Peritoneal Fluid Sampling During Emergency Laparotomy Influences Subsequent Antimicrobial Prescriptions in the ICU
By Nancy Melville
BRUSSELS -- September 7, 2021 -- The sampling of peritoneal fluid during emergency laparotomy influences subsequent antimicrobial prescriptions in the intensive care unit (ICU), according to a study presented at the 40th International Symposium on Intensive Care and Emergency Medicine.
“Our results suggest that sampling peritoneal fluid during emergency laparotomy may alter 40% of antibiotic prescriptions in the ICU,” stated Eliza Pye, MD, Royal United Hospitals Bath, Bath, United Kingdom.
National Emergency Laparotomy Audit (NELA) recommendations suggest that patients who undergo emergency laparotomy should be admitted to the ICU, where a key aspect of their management should be the administration of empirical antibiotics and may require adjustment based on microbiological findings from peritoneal fluid sampling. To assess the adherence to the recommendations and the degree to which the microbiological findings could change prescribing at their center, the researchers conducted a 6-month baseline audit and found the frequency of intraoperative peritoneal fluid sampling during emergency laparotomy to be low -- at just 31%, despite the recommendations.
Following a quality improvement initiative to improve peritoneal sampling rates, including the use of informational posters and ensuring the correct sampling equipment was readily available for surgeons to increase the sampling, a follow-up review was conducted over 18 months. During that period, 120 emergency laparotomies were performed on 110 patients.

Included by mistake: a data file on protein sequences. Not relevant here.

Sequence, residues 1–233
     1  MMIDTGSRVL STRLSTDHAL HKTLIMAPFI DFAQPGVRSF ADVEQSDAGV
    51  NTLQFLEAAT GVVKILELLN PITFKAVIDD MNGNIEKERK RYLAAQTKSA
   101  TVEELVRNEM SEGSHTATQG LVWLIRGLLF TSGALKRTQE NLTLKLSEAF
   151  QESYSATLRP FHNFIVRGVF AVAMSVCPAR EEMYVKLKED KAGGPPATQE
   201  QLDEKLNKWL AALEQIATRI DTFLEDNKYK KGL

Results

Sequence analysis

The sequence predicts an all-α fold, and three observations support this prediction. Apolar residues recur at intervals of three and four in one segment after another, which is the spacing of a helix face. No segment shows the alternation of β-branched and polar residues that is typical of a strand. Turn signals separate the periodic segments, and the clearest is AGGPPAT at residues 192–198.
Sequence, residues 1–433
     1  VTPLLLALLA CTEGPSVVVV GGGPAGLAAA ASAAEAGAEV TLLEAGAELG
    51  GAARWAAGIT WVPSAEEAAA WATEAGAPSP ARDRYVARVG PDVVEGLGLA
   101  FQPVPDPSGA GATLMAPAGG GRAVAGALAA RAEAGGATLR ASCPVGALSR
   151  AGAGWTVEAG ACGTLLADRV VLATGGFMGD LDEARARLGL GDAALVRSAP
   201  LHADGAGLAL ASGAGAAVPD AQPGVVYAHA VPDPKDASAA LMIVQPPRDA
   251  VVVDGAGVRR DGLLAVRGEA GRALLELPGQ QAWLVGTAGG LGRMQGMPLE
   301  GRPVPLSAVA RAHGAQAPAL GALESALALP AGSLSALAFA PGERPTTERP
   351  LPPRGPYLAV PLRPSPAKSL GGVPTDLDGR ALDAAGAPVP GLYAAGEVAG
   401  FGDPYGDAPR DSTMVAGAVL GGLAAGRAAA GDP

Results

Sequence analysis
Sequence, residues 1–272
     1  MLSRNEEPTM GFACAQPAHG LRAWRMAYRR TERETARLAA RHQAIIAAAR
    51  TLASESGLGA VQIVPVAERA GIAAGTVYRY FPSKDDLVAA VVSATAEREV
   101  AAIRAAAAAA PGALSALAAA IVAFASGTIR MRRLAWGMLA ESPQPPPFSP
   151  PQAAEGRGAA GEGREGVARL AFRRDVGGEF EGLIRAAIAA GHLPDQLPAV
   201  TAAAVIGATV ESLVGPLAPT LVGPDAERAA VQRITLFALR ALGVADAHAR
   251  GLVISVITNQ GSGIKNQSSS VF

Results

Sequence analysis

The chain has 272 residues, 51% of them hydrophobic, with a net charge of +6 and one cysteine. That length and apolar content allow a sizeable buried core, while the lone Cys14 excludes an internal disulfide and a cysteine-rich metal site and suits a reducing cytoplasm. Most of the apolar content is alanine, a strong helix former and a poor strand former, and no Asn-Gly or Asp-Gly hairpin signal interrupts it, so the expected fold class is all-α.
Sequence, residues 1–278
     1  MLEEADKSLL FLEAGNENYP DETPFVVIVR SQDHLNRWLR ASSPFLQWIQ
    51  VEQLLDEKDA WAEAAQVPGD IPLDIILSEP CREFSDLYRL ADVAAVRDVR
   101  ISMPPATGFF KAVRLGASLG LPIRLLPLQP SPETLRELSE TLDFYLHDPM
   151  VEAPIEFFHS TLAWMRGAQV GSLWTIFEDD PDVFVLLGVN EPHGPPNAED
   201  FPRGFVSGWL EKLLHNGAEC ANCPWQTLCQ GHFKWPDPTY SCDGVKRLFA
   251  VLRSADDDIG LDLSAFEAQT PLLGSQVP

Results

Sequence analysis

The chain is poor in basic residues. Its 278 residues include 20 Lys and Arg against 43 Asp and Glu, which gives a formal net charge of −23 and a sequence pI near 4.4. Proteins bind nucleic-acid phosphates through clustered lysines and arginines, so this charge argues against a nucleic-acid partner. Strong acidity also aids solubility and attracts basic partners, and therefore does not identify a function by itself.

Among microbiological results for peritoneal samples that were noted were resistance to any antibiotic, as well as antibiotics for abdominal sepsis, including amoxicillin, metronidazole, and gentamicin. Blood culture results were also noted. The review showed that during the period, peritoneal sample utilisation improved, with samples sent for 76 (63%) operations.
Of the intraoperative samples, 53 yielded positive growth. While 17 of those were fully sensitive, 36 (68%) showed patterns of antibiotic resistance, including 22 (42%) having resistance to amoxicillin/co-amoxiclav, 3 (6%) to gentamicin, and 4 cultures (7%) with resistance to both. In addition, 6 (11%) of the samples grew candida, including 1 of which was found to be resistant to voriconazole.
Overall, 31 of the peritoneal samples yielded positive growth that would influence a change in antibiotic prescriptions.
“When we considered whether these results would impact our post-operative prescribing, we found that 40% of all samples sent would result in a prescription change post-operatively, due to resistance to1 or more empirical antibiotics or the finding of a candida requiring the addition of an antifungal,” said Dr. Pye
She noted that of the 76 samples sent, only 5 of the patients had positive blood cultures, 2 of which grew 1 or more of the organisms that were identified in the peritoneal fluid sample. One blood culture sample grew an organism that was not identified in the peritoneal sample and 2 grew organisms that were believed to be unrelated to abdominal sepsis.
“We found that blood cultures alone do not reliably identify these organisms [that were found in peritoneal fluid samples],” said Dr. Pye. “Further work is required to understand how this affects patient outcome, but in the absence of these data it seems reasonable, based on our current findings, to advocate peritoneal fluid sampling during emergency laparotomy to guide subsequent antibiotic decision making on the ICU.”
[Presentation title: Sampling Peritoneal Fluid During Emergency Laparotomy Influences 40% of Subsequent Antimicrobial Prescriptions in the ICU. Abstract A23]